I just want to plug in some mics and start recording. I haven’t hit the record button in over a year since I took down my studio in NYC. Without my own personal studio, I feel like I’m stranded on a deserted island. Does that feeling seem familiar? I just want to be able to sing well? I just want to be performing now? Believe me, I get it.
Over a year ago I packed up my studio in NYC, moved to Nashville, put the studio in storage and started on the journey of building a house with studio in it. I was planning on remodeling a little house I bought and building something out back for the recording studio. Well……the house was just too far gone, so I knocked it down and started over. How hard could it be? It’s a pretty intense project, I’m here to say. A house that was supposed to take less than 5 months to build took almost a year. So I got very far behind my goals.
I put in an incredible amount of time and energy, not to mention life’s savings, just getting the house finished. So, what did that leave me when I could finally move in? I had an empty studio space. What to do then? I have to tell ya, it was all I could do to stop myself from just grabbing my gear and sound treatment materials out of storage, throw everything up in a couple weeks and just get to work recording, writing and teaching.
And the rewards would have been immediate. But the results? Well lets just say, they would have been less than I know they could be, and far less the kind of quality I’m shooting for. After having four different studios in NYC over 11 years, I know a lot of the pitfalls with a recording environment. They say “God’s in the details,” and that is so often true.
So here I am, over three months since I moved into the house, and I’m still working on the studio construction and assembly. My gear is still in storage, and I’m just trying to get the tracking and control rooms built correctly before I tackle the the huge job of getting my equipment and re-wiring for this space. I’m hoping I can remember how to plug in all those whacky interfaces that are involved in a serious recording rig these days.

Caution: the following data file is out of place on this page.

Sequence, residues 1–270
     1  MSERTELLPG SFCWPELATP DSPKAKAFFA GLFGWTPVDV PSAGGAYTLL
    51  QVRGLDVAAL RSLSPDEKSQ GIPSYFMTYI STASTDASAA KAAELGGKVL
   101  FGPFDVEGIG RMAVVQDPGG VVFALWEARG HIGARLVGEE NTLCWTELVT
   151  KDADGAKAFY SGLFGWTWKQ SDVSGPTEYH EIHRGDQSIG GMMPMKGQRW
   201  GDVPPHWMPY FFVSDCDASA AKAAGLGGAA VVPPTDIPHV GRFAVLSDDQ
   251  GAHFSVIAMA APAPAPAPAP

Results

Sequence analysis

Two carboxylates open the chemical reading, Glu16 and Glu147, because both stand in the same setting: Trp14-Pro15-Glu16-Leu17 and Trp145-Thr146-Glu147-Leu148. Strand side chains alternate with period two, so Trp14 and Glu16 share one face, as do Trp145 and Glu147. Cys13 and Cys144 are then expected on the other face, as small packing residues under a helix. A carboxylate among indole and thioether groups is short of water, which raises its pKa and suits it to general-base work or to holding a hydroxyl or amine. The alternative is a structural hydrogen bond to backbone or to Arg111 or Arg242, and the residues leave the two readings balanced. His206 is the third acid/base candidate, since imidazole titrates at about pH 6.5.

So yes, I’m now way behind schedule. And I’m very, very tired. Weeks go by and all I do is build things and install things and wonder if I’ll ever get this thing done. But in the back of my mind I know something that rings true. I’m bringing all of the experience I have from the previous four studios I had in NYC and infusing that into this space. I’m spending the extra time on the front end, so that this wonderful space will be as great as it can be, and I’ll love the work I do in it. I know enough to know that If I’d just listened to my tired voice, and thrown everything together when I first moved in, that I’d end up being very frustrated with a lot of the results. Because I’m solving so many issues ahead of time, my focus can be spent in more creative ways with far better results than from a mediocre recording space.
What does this have to do with building a voice? Or anything else? It’s exactly the same thing. The time you spend assembling things correctly on the front end will save you years of frustration in the future. Remember “The Art of Body Singing” credo: The voice is an instrument, assembly required. For those extra 100 miles in the beginning, you’ll get years of service.
So remember, when something seems horribly tedious and requires a lot of inner strength, you might just be in the right place. Please share some comments with us about some grueling task in singing (or otherwise), that you feel really paid off.
So…..I’m off to build stuff.
Until next time,